Want to enjoy Flag sans car? Do a two-hour downtown pub crawl on Alpine Pedaler's people-powered trolly ($27), or join them for a “walking food tour” of seven nearby restos ($40). Or build your own itinerary.
>> Grab an artisanal goodie at Sweet Shoppe & Nut House. 15 E. Aspen Ave., 928-213-9000, sweetshoppecandy.com
>> Enjoy the city's best wood-fired pie at Pizzicletta. 203 W. Phoenix Ave., 928-774-3242, pizzicletta.com
>> Score some liquid energy at Firecreek Coffee Co. 22 E. Route 66, 928-774-2266, firecreekcoffee.com
Info: 928-213-9233, alpinepedaler.com
Time Travel at the Grand Canyon
On a Grand Canyon Field Institute course, your classroom is both muse and teacher. The canyon’s stone walls are a colossal blackboard on which history is written. It contains, as John Muir wrote, “a grand geological library – a collection of stone books covering thousands of miles of shelving, tier on tier, conveniently arranged for the student.” Since 1993, the nonprofit Grand Canyon Association has collaborated with the National Park Service to offer a range of expert-led learning adventures. Backpack rim-to-rim with a geologist, foraying into side canyons to learn about the spectrum of life zones, and poke around prehistoric pueblo dwellings to explore Native American history. Learn to compose cloud portraits in a Monsoon Photography class. Let the North Rim inspire your own Desert Solitaire while Writing on the Edge. Or construct a celestial calendar in an introduction to archeoastronomy. 800-858-2808, grandcanyon.org
In a way, the Grand Canyon is a time machine: The deeper you descend, the older the rock strata around you, till you reach the 1.8-billion-year-old basement. Telescopes are also time machines, offering glimpses of celestial objects as they were billions of years ago. The two come together during the 25th Annual Grand Canyon Star Party, June 13-20. Join the Tucson Amateur Astronomy Association on the South Rim and the Saguaro Astronomy Club of Phoenix on the North Rim for telescopic time travel to galaxies, nebulae, and show-stopping Saturn. The free event coincides with the Grand Canyon Field Institute’s archeoastronomy class. 928-638-7888, nps.gov/grca/planyourvisit/grand-canyon-star-party.htm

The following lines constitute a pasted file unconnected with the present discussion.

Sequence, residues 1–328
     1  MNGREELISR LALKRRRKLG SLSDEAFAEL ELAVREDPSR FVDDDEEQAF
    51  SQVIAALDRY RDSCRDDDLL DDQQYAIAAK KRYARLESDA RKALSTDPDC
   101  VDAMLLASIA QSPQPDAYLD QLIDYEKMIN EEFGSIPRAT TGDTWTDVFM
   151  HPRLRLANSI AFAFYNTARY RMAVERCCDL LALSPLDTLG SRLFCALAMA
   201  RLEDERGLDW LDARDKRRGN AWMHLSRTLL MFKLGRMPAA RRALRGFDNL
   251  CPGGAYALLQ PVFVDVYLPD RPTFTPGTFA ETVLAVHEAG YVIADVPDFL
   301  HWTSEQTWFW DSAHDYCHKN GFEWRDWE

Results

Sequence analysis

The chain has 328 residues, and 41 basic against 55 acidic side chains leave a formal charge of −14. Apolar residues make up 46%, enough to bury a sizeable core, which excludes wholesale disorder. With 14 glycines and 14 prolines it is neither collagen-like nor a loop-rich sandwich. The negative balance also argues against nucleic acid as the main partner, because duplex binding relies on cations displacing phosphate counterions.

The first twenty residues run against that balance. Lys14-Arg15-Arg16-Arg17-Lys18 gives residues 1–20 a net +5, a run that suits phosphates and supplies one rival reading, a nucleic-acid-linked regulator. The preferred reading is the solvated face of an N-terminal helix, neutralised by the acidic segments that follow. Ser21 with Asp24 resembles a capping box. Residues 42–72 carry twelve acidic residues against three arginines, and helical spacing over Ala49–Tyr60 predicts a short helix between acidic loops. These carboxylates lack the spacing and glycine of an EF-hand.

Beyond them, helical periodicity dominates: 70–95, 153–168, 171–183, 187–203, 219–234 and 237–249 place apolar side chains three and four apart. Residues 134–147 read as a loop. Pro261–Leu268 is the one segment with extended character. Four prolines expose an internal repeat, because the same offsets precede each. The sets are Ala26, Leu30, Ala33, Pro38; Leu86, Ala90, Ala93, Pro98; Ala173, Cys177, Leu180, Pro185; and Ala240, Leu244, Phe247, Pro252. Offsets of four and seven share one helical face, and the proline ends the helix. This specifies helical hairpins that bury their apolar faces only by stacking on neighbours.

Bike the Canyon
While other tourists are jostling selfie sticks and fighting for parking spots, you’re pedaling at stream-of-consciousness pace along the South Rim’s paved greenways. Thanks to Bright Angels Bicycles, you’re savoring the silence as the scenery scrolls by: shadows curving into the canyon’s alcoves, sunlight gilding a stone cathedral. You’re on Hermit Road, carved in 1913 as a wagon track and now closed to private vehicles, so you have the 5.5-mile one-way route almost to yourself. The Mather Point shop and café offers cruiser bike rentals (including kids’ bikes and Burley Trailers) as well as guided three-hour tours. 10 South Entrance Rd., 928-638-3055, bikegrandcanyon.com
If an overnight camping stay at the Grand Canyon isn’t in the offing, Grand Canyon Bed & Breakfast bills itself as “the closest B&B to the Grand Canyon” – about 60 minutes away in Williams. 1129 Stockmens Rd., Williams, 928-635-4608, grandcanyonbandb.com
Bond With Your Brood in Williams
Train Train Train
Nostalgics will revel in the romance of Grand Canyon Railway’s 1923 Steam Train – those churning pistons, that billowing steam. Adventurers will savor the scenery of the Colorado Plateau and the Grand Canyon. Kids will love the chug chug and the choo choo. And environmentalists will appreciate the locomotive’s designation as the Greenest Train in America; it’s fueled by used vegetable oil collected from restaurants in town and on the South Rim. The steam train travels on the first Saturday of the month, April through September, and on holidays including July 4. 800-843-8724, thetrain.com/special-events/steam/